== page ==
5/26/2018 | 1 MINUTE READ

German Project to Examine Auto Cybersecurity

Facebook Share Icon LinkedIn Share Icon Twitter Share Icon Share by EMail icon Print Icon

At the recent annual general meeting of Volkswagen Group, the company’s CEO Dr.


Facebook Share Icon LinkedIn Share Icon Twitter Share Icon Share by EMail icon Print Icon

At the recent annual general meeting of Volkswagen Group, the company’s CEO Dr. Herbert Diess said, “By the end of 2022, we will have invested more than €34 billion: in electromobility, autonomous driving, new mobility services and the digitalization of our products and the entire company.”

In the electrification space, for example, the VW Group plans to have 50 new battery-electric vehicles and 30 more plug-in hybrids available by 2025, which means that about 25 percent of the group’s new vehicles will be electric powered.


VW I.D. Vizzion concept: electric and autonomous.

They’re also being aggressive in pursuing connected, autonomous vehicles. Yesterday it was announced that Volkswagen and Audi (both group companies), along with Infineon, Bosch, ESCRYPT, Itemis, Mixed Mode, SCHUTZWERK, the University of Ulm, the Technical Universities of Braunschweig and Munich, the Free University of Berlin, the Karlsruhe University of Applied Sciences, and the Fraunhofer Institutes AISEC and IEM, are all participating in an effort to develop new ways and means to protect self-driving cars from cyberattacks.

It is called “Security for Connected, Autnomous Cars” (SecForCARs). It is receiving €7.2-million from the German Federal Ministry of Education and Research.

Infineon is taking the lead in the project.

Among the items that the SecForCARs researchers will examine are:

· How can connected and autonomous cars be developed so as to be more secure?

· How can such vehicles be tested for security gaps?

· How can car makers and technology partners ensure that gaps that arise later are eliminated as quickly as possible?

The project will run until March 2021.

Clearly, German companies, universities and the government are taking electrification, autonomy and connectivity quite seriously.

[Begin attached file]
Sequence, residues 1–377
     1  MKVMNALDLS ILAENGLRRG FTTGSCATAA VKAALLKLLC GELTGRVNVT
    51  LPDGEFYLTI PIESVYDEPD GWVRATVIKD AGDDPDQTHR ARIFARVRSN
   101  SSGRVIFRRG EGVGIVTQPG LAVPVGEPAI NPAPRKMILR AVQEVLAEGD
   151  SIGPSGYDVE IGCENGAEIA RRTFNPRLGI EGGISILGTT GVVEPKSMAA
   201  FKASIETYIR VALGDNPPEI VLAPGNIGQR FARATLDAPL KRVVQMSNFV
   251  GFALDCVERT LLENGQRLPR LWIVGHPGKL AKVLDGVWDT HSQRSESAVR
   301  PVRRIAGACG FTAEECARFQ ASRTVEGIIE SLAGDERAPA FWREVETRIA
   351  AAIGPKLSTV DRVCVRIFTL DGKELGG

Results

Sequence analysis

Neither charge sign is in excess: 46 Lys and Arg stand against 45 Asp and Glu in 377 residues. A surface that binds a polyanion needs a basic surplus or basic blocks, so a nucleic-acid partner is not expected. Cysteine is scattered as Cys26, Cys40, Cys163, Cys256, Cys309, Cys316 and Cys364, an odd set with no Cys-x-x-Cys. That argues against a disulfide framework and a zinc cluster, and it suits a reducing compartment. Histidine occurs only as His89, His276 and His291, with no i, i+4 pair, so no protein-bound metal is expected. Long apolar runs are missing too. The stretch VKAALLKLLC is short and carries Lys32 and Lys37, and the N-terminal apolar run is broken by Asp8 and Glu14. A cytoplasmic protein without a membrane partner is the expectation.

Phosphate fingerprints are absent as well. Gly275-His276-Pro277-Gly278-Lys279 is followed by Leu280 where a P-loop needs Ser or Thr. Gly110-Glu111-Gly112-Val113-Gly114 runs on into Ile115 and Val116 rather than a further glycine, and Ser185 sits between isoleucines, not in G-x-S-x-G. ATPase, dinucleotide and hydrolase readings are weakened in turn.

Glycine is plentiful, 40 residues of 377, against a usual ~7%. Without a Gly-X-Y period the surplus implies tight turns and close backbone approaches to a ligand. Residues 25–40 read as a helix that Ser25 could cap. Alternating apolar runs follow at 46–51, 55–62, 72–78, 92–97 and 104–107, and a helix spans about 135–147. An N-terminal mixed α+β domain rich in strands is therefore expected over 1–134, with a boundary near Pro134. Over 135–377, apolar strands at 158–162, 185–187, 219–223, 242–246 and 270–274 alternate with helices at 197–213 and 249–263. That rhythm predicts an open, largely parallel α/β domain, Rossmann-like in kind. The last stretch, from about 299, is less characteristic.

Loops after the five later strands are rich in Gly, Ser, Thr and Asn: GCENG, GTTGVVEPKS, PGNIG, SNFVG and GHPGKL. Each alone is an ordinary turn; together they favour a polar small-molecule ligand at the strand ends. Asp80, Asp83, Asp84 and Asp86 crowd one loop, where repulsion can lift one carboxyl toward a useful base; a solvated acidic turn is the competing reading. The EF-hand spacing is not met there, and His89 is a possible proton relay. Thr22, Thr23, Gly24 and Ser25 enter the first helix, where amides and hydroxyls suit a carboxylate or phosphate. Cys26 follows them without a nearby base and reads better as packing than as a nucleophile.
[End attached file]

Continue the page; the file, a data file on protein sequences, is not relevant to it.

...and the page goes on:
Hand holding a crystal ball

We’d rather send you $15 than rely on our crystal ball…

It’s Capital Spending Survey season and the manufacturing industry is counting on you to participate! Odds are that you received our 5-minute Metalworking survey from Automotive Design and Production in your mail or email. Fill it out and we’ll email you $15 to exchange for your choice of gift card or charitable donation. Are you in the U.S. and not sure you received the survey? Contact us to access it.

Help us inform the industry and everybody benefits.


  • The 2017 Kia Sportage

    Kia Motors America COO and executive vice president says this crossover is “crafted for the urban pioneer.” And it is designed and engineered for competing in one of the hottest segments in the overall auto market.

  • The Benefits of Flash LIDAR for Automated Driving

    According to Frank Jourdan, president, Chassis & Safety Div., Continental Contitech AG (continental-corporation.com), the high-resolution 3D flash LIDAR (HFL) technology that the company is developing for deployment in automated driving systems in the 2020+ timeframe provides an array of benefits.

  • 2017 Hyundai Ioniq Hybrid Blue

    A young(ish) guy that I’ve known for a number of years, a man who spent the better part of his career writing for auto buff books and who is a car racer on the side, mentioned to me that his wife has a used Lexus ES Hybrid.